Two point charges are located at two of the vertices of a right triangle, as shown in the figure. If a third charge -q is brought from infinity and placed at the third vertex, what will its potential energy be?

They give a figure and values to plug in, and I can give those if you need them, but I was just wanting to know what equation to use. Thanks in advance.

## Point charges and potential energy and right triangles

### Re: Point charges and potential energy and right triangles

Hi domalij,

U = k q1 q2 / r

where r is the distance between two point charges. Do you see how to use that for this problem, where they want the potential energy of one particular charge?

In this situation, because there are only point charges in the problem, we can use this formula for the potential energy U:domalij wrote: ↑Wed Jun 27, 2018 7:08 pmTwo point charges are located at two of the vertices of a right triangle, as shown in the figure. If a third charge -q is brought from infinity and placed at the third vertex, what will its potential energy be?

They give a figure and values to plug in, and I can give those if you need them, but I was just wanting to know what equation to use. Thanks in advance.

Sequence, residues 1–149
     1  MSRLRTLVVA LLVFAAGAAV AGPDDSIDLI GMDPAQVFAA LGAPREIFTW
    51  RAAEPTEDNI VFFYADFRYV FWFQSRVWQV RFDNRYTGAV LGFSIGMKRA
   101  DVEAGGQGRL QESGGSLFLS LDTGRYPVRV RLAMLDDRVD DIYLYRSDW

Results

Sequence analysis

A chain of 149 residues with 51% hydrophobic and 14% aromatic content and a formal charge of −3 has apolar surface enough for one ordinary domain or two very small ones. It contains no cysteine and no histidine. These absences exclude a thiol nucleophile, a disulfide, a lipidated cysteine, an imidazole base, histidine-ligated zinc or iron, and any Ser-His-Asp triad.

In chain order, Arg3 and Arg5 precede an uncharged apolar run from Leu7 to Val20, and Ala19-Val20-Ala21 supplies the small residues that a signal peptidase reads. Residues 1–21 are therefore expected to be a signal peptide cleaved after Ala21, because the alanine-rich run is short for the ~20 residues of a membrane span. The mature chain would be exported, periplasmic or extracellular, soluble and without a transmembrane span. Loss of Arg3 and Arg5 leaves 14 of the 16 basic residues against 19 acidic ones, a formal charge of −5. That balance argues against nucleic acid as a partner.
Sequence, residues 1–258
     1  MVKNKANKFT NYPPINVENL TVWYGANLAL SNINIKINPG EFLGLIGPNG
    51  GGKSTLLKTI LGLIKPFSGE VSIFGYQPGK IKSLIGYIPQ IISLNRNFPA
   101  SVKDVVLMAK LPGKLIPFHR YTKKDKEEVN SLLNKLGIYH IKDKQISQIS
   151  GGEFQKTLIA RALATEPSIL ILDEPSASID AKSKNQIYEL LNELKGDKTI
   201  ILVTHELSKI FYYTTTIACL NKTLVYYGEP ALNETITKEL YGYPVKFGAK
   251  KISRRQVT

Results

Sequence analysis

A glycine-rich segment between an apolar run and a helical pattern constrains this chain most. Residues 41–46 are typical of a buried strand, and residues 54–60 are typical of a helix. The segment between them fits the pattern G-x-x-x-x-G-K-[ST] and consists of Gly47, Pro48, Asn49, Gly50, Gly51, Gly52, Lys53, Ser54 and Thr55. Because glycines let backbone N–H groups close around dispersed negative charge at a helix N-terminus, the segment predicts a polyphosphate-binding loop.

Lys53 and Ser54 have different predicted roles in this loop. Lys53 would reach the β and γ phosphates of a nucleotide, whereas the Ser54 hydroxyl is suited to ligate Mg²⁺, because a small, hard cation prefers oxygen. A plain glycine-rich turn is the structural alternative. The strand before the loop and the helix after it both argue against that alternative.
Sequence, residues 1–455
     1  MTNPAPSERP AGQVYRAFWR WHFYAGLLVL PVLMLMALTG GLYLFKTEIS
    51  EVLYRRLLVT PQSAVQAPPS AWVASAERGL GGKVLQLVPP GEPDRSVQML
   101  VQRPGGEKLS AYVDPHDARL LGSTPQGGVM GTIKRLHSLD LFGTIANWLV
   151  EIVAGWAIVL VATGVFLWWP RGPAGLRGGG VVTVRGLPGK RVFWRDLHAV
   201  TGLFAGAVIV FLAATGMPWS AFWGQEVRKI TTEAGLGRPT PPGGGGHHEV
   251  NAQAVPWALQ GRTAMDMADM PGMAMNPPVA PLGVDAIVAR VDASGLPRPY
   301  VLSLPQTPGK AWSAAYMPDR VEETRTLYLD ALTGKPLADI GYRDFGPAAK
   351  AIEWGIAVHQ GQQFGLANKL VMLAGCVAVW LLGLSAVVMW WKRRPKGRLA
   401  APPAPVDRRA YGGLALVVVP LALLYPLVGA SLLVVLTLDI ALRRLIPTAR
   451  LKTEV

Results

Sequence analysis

U = k q1 q2 / r

where r is the distance between two point charges. Do you see how to use that for this problem, where they want the potential energy of one particular charge?

### Re: Point charges and potential energy and right triangles

But that formula only has two charges. What do I do since there are three charges in the problem?

### Re: Point charges and potential energy and right triangles

That formula gives the potential energy for a pair of point charges. So when they ask for the potential energy of a particular point charge, you use that formula multiple times.

For example, in your problem, let's call the original two charges q1 and q2, and the third charge that was moved q3. We want to find the potential energy of q3.

So the PE of q3 would be found from each pair that it is part of, like this:

U = (PE of q3 and q1) + (PE of q3 and q2)

U = (k q1 q3 / r1) + (k q2 q3 / r2)

(There r1 is the distance between q1 and q3, and r2 is the distance between r2 and r3.)

Then you can plug in what you know for q1, q2, q3. So the main idea is that the formula gives the PE of a pair of point charges, and we have to use a term for each pair that we need.

I hope that makes sense! Let me know if you still have questions.

### Re: Point charges and potential energy and right triangles

Thank you, I understand now.